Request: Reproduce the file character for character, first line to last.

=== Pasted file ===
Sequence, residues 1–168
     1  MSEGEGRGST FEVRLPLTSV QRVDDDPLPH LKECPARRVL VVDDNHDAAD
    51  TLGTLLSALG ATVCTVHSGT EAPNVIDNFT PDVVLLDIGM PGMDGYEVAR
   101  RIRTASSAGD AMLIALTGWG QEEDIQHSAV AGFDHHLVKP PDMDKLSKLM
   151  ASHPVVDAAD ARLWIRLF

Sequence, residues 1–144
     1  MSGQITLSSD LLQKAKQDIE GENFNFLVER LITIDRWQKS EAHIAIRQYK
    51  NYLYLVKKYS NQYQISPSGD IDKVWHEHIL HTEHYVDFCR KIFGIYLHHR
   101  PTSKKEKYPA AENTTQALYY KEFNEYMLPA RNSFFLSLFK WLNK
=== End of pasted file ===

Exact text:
Sequence, residues 1–168
     1  MSEGEGRGST FEVRLPLTSV QRVDDDPLPH LKECPARRVL VVDDNHDAAD
    51  TLGTLLSALG ATVCTVHSGT EAPNVIDNFT PDVVLLDIGM PGMDGYEVAR
   101  RIRTASSAGD AMLIALTGWG QEEDIQHSAV AGFDHHLVKP PDMDKLSKLM
   151  ASHPVVDAAD ARLWIRLF

Sequence, residues 1–144
     1  MSGQITLSSD LLQKAKQDIE GENFNFLVER LITIDRWQKS EAHIAIRQYK
    51  NYLYLVKKYS NQYQISPSGD IDKVWHEHIL HTEHYVDFCR KIFGIYLHHR
   101  PTSKKEKYPA AENTTQALYY KEFNEYMLPA RNSFFLSLFK WLNK